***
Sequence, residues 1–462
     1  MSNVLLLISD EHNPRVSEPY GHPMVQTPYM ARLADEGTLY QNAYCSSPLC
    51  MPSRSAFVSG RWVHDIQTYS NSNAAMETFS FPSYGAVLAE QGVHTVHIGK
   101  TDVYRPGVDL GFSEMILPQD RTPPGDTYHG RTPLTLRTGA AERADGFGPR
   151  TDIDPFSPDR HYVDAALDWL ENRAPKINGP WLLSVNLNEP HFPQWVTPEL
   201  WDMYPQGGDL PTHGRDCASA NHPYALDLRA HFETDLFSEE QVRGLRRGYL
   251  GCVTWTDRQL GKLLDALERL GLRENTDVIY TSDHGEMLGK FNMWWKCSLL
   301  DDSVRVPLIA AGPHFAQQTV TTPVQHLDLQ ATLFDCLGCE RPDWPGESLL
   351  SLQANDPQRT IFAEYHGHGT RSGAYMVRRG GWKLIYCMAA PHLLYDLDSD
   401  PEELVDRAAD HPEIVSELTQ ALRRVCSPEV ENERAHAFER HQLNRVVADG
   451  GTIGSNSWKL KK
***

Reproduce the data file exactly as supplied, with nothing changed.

Sequence, residues 1–462
     1  MSNVLLLISD EHNPRVSEPY GHPMVQTPYM ARLADEGTLY QNAYCSSPLC
    51  MPSRSAFVSG RWVHDIQTYS NSNAAMETFS FPSYGAVLAE QGVHTVHIGK
   101  TDVYRPGVDL GFSEMILPQD RTPPGDTYHG RTPLTLRTGA AERADGFGPR
   151  TDIDPFSPDR HYVDAALDWL ENRAPKINGP WLLSVNLNEP HFPQWVTPEL
   201  WDMYPQGGDL PTHGRDCASA NHPYALDLRA HFETDLFSEE QVRGLRRGYL
   251  GCVTWTDRQL GKLLDALERL GLRENTDVIY TSDHGEMLGK FNMWWKCSLL
   301  DDSVRVPLIA AGPHFAQQTV TTPVQHLDLQ ATLFDCLGCE RPDWPGESLL
   351  SLQANDPQRT IFAEYHGHGT RSGAYMVRRG GWKLIYCMAA PHLLYDLDSD
   401  PEELVDRAAD HPEIVSELTQ ALRRVCSPEV ENERAHAFER HQLNRVVADG
   451  GTIGSNSWKL KK